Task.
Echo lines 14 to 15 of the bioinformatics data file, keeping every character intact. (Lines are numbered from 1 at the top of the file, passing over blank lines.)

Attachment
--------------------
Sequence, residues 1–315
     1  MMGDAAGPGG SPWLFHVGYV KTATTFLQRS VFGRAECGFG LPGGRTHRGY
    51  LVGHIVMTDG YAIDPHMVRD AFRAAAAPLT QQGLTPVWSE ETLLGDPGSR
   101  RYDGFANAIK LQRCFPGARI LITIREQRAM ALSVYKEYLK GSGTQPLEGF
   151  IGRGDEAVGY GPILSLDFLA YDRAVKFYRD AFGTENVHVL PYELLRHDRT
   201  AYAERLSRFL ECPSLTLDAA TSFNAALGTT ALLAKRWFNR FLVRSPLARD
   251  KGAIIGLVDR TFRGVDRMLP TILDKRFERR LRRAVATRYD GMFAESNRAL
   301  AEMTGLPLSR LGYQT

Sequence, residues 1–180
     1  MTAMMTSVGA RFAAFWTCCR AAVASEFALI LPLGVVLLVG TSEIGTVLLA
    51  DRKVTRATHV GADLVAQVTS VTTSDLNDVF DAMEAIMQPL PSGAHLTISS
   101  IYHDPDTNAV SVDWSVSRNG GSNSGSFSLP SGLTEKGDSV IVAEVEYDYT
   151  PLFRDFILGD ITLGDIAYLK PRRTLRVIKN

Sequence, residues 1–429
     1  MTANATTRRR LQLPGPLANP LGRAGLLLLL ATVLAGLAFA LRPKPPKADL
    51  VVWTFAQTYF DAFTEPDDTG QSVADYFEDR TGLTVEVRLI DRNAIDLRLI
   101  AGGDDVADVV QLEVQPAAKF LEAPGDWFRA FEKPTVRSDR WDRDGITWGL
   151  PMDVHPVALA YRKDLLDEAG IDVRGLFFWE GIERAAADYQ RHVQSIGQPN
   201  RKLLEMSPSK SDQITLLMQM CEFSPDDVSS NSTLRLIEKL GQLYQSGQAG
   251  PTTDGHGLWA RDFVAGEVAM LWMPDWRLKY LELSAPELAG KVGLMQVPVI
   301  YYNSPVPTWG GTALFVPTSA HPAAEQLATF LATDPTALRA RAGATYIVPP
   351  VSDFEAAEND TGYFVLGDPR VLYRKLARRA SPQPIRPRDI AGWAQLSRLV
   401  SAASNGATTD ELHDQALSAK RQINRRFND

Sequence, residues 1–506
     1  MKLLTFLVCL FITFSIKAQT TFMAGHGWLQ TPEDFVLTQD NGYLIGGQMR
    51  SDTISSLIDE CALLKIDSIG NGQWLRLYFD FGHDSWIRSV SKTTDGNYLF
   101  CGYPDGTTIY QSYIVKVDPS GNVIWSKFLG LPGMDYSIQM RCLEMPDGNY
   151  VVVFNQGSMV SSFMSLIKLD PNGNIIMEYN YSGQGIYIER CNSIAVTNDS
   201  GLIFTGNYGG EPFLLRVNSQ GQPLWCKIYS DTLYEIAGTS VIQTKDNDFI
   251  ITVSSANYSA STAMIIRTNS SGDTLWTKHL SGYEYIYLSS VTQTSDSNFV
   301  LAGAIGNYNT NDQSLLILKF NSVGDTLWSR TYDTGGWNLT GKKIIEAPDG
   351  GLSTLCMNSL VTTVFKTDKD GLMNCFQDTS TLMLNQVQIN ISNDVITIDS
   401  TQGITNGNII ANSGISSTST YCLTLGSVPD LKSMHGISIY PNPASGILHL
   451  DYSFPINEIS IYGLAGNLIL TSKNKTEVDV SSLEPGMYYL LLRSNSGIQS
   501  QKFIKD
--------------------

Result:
Sequence, residues 1–429
     1  MTANATTRRR LQLPGPLANP LGRAGLLLLL ATVLAGLAFA LRPKPPKADL